Non-Profit Credit Counseling Agencies (NFCC)
Credit counselors work with you to create a realistic debt management plan. They can help you create a realistic budget and act on your behalf to negotiate lower payments with creditors.
As part of the budget, you will agree to pay a monthly amount towards debt. You will pay this to the agency, and they will pay the creditors accordingly. All of this should be agreed upon in writing and any fees you must pay should be affordable depending on your budget.
To get help now contact the National Foundation For Credit Counseling (NFCC) and they will connect you with an appropriate counselor in your state. Counseling sessions can be held over the phone, online, or face-to-face to accommodate your situation.
Federal Trade Commission (FTC)
The FTC is a great resource for information on coping with debt. Budgeting, credit counseling, debt plans, and much more are clearly explained on the FTC site.
Using this free resource can be a great help to understanding the different strategies available to cope with debt.
Credit Reporting Agencies
Contacting local and national credit reporting agencies to get a copy of your credit report is recommended. Once you’ve seen your full report you can fix any errors that there may be.
If there are errors and they get fixed this can help improve your credit rating. A better credit rating can mean getting lower interest rates.
Not everyone will have errors to correct, but everyone should check to make sure. It’s also worth checking your reports at least once a year to make sure no errors have appeared.
It’s important to keep your report accurate because an inaccurate credit report will affect your ability to lend money in the future.
Check out Chris’s post on easy ways to improve your credit score for more credit score information.
Contacting your creditors directly can be a good way of dealing with debt. Many creditors are happy to work with people that are struggling and can negotiate lower interest rates, payments, and fees.
Make sure you can pay the agreed payments as repeatedly breaking a payment arrangement may mean they won’t negotiate in the future.
The Student Loans website that is run by the federal government is a great source of information on how to manage debt. Topics include learning about avoiding defaults, getting loans forgiven, and consolidating federal education loans.
Having a lower monthly payment via loan consolidation or income-based repayments is helpful for some people. Make sure to take into account that you may pay more interest over the lifetime of the loan.
Private Student Loan Consolidators
In some cases, consolidating your student loan debt can make it easier to get out of debt. Consolidation can mean getting a lower interest rate or a fixed rate. This is instead of having a variable rate.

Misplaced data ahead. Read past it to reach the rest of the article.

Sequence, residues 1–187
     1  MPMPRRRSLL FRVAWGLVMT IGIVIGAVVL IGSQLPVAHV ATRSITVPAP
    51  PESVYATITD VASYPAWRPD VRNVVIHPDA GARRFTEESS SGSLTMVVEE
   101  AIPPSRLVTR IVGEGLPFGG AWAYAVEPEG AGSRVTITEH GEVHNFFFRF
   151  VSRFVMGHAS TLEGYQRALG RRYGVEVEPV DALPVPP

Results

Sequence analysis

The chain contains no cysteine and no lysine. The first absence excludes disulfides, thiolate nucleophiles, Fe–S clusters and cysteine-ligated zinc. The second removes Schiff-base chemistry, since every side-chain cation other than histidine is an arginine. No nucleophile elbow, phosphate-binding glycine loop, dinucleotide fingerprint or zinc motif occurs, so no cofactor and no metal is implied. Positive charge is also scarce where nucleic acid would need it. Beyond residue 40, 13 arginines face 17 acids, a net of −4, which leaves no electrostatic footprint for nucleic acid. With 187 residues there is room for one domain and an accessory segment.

Another possible outcome is that the monthly payments may be reduced making it easier to pay off debt faster. Remember, this could mean the interest paid is higher over the life of the loan.
A further benefit of consolidation is removing the need to deal with multiple companies. Having the debt in one place makes it easier to manage.
To get started and learn more about the available options start with the Student Loan Network.
National Institutes Of Health (NIH)
If you hold a doctoral degree in the medical profession you may qualify for loan forgiveness of up to $100,000! Check the Loan Repayment Program on the NIH website to see if you are eligible.
The United States Department Of Justice
The Department of Justice offers lots of fantastic free information to help people manage debt. Debt education providers, credit counseling, bankruptcy, managing debt, and much more are explained.
This is all freely available information that you can use to understand debt better and how to manage it.
Dealing With Credit Card Debt – Next Steps
Now that you know what to do, you need to act!
Start by making a budget and discussing your needs with a non-profit credit counselor. Next, use as many of the resources listed above that are relevant to you and get all the help you can.
Being in debt is stressful and paying it off will take hard work and patience. However, if you can stick to the plan of paying off the credit card debt, then you can reap the rewards in the future.
Keep in mind what you want to do once the debt is gone. A dream holiday, buying a home, or getting a new car are all things you can do once the debt is gone and you have the extra money to spend however you like!
Start taking back control of your money by grabbing your copy of the Money Saving Starter Guide today.
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Last Updated on 17th March 2021 by Emma